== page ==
This spring fourteen year old Erin needed some dental work. After three teeth were removed she seemed more comfortable and we hoped she would be good to go for a few more years. This fall we were very happy when she sometimes consented to go walking around the Loup Trail with Chetan. I think that in the past she felt less comfortable on leash than Chetan did. It was not that she never wanted to be leashed but sometimes she acted as if she didn’t enjoy it even if the leash was not restraining her if she wanted to move away from something scary. After an experience like that she might be difficult to leash for some time, and then eventually accept the leash again. It is possible that her visits to the pups this summer, which involved being leashed, may have improved her outlook. Whatever the cause of her on-again, off-again attitude to leashes, it was doubly fortunate that she accepted some nice walks with her mate during what proved to be her last autumn.

On November 30 Erin seemed to be less active than usual. She still came to the fence when I called, and took a treat, but we watched her over the weekend and it was apparent that she had little interest in eating. Luckily we have some Tramidol prepared which can be absorbed through the skin, so we rubbed it in Erin’s ears. This meant she could have pain-management treatment even if she would not swallow a pill. We increased her painkillers and started her on an injectable antibiotic, in case the problem was an infection starting up. By Monday evening she was no better and had diarrhea. I called Dr. Becker and asked her to come out the next day. When Dr. Becker arrived we sedated Erin, and the initial exam convinced Dr. Becker that Erin needed to go in to the clinic for a complete workup. At the clinic Dr Becker and two other veterinarians looked at x-rays of Erin’s chest and abdominal cavity. There were some puzzling anomalies and all three vets recommended exploratory surgery. We all admitted to having bad feelings about the way things looked, but there might still be some hope. Unfortunately this hope was unfounded. Her heartbeat became hard to hear. The veterinarians administered atropine and epinephrine and gave her chest compressions, but these efforts to resuscitate her failed. There was nothing further we could do for Erin. She had a tumor on the wall of her heart, which was bleeding into her pericardial sac. As blood filled the sac, her heart had no more room to beat. She died without waking up.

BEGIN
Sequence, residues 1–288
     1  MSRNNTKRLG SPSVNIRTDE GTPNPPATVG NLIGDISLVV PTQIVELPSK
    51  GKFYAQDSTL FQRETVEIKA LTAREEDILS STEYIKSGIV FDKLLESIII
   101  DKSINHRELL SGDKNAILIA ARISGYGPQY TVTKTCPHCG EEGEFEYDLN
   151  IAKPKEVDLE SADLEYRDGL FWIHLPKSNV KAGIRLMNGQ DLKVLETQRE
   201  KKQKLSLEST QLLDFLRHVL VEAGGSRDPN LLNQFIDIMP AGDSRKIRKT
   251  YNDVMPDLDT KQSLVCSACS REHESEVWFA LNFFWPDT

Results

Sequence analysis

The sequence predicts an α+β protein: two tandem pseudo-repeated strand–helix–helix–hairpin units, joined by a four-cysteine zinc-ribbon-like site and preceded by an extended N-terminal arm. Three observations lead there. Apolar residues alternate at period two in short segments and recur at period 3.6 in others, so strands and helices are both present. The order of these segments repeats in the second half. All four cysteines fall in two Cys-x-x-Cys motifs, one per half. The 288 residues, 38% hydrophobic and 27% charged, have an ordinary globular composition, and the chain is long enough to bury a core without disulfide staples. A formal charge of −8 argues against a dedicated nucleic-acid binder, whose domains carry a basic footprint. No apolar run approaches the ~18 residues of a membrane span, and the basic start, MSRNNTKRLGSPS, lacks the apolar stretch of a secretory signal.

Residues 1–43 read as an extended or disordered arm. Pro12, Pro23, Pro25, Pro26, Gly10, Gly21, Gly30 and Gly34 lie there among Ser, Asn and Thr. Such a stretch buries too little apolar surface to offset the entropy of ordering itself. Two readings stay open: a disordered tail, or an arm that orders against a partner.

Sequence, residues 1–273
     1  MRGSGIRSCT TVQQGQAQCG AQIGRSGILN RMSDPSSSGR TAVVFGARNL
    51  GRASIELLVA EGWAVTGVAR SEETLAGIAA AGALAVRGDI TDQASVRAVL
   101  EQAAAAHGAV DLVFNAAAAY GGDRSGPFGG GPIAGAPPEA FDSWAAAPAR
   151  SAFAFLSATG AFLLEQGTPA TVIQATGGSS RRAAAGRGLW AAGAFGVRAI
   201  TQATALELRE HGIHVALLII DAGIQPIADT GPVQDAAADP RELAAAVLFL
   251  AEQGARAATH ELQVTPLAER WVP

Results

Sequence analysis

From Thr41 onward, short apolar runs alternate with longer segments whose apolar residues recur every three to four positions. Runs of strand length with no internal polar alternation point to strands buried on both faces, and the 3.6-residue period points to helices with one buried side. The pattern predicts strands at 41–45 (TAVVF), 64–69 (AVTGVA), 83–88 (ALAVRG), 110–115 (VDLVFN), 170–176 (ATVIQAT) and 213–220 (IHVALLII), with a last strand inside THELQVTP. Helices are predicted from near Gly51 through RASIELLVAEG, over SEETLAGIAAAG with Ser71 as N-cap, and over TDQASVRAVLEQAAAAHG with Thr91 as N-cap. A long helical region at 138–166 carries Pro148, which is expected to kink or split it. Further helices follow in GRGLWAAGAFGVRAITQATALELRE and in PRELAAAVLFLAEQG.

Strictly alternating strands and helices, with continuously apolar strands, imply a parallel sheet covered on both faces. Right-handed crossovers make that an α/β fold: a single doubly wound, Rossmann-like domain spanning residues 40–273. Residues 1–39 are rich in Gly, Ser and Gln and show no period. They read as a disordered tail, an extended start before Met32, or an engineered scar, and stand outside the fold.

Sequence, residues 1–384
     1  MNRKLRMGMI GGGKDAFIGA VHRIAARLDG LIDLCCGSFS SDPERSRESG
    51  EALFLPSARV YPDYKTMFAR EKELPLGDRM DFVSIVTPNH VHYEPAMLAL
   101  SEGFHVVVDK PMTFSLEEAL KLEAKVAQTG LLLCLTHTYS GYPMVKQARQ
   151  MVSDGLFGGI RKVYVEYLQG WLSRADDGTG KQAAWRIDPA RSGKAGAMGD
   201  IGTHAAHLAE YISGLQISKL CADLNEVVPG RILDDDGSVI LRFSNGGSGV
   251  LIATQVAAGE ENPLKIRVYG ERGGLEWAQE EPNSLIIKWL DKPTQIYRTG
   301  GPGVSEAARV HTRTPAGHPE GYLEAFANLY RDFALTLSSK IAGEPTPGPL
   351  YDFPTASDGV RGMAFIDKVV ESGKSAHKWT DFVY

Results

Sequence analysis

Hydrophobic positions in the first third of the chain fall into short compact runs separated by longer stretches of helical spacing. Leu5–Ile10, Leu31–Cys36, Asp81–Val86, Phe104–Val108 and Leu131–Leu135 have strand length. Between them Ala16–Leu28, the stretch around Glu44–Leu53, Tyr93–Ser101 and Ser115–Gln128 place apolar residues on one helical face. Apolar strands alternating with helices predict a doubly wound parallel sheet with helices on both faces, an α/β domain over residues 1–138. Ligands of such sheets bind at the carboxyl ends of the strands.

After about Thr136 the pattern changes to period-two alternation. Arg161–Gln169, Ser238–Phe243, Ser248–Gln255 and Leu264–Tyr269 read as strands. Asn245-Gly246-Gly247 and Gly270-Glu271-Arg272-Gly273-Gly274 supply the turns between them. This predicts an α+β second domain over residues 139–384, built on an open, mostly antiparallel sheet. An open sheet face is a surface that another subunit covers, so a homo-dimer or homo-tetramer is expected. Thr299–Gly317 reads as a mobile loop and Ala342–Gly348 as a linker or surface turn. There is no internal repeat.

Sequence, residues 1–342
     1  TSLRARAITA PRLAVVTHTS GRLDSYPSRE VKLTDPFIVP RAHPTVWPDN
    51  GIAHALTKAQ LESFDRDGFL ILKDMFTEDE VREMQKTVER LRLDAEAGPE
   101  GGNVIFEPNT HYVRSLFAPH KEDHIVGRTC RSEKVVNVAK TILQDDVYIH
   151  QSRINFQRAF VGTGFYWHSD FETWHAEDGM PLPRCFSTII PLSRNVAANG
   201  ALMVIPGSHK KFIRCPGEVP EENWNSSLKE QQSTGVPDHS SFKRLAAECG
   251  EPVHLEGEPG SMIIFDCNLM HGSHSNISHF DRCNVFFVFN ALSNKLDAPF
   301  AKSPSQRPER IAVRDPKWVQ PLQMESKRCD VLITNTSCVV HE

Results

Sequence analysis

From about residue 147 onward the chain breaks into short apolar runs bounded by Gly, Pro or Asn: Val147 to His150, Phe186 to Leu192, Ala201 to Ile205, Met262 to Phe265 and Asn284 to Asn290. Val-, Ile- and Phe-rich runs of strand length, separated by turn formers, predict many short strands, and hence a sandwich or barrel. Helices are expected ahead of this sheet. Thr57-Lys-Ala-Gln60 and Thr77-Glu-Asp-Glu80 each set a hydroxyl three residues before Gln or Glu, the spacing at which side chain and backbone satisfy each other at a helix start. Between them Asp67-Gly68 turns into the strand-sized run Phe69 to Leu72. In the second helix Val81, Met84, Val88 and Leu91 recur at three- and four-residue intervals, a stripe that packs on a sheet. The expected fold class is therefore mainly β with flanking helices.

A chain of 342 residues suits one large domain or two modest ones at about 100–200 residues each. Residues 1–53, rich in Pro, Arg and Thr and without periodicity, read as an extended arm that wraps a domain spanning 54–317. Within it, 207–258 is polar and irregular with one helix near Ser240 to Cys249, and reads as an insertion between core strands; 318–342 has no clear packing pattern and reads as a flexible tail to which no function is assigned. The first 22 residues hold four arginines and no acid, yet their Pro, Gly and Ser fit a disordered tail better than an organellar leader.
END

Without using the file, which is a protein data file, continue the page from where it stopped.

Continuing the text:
After the shock, sadness set in. Erin had seemed fine up until four days before her death; it is always a wrench to say goodbye to one of our wolves, but to lose one so unexpectedly is always very hard.
We took her body back to the park and carried it into their enclosure for Chetan to sniff and come to whatever understanding of death wolves can come to. He sniffed her carefully and afterwards he walked away; it was as if he knew she was gone. Renki, had remained fond of his mother even after she left the pack. Tris had always liked her (when she wasn’t exasperating him) so we set the stretcher with her body on it down next to the fence outside their respective enclosures. Renki sniffed her body, and whined once. Tristan was wary of approaching at first but then sniffed carefully. Kailani and Ayla, who live with Renki and Tris, sniffed too; we did not carry the stretcher in to those enclosures because I did not trust the girls to be respectful, but they too, were allowed to come to what understanding they could.

Erin has left a legacy of memories and also she is survived by her brother, Tristan and her pups, Renki, Ruedi, Ayla, Kailani, Wolfgang and Wotan live at Wolf Park. Her other daughters, Nina and Ossa, live at Wolf Hollow in Massachusetts, and her other sons Fenris and Sirius are at the Dakota Zoo. This spring her grandchildren, Bicho, Kanti, Bronwyn, Lunis, Mowgli, and Fiona were born to Wolfgang and Dharma. It has been a privilege to know Erin, from the time she was a pup herself, and later a mother and grandmother, as well as a quirky defender of food, den, and spoons. Good bye Erin, we will always keep you in our hearts.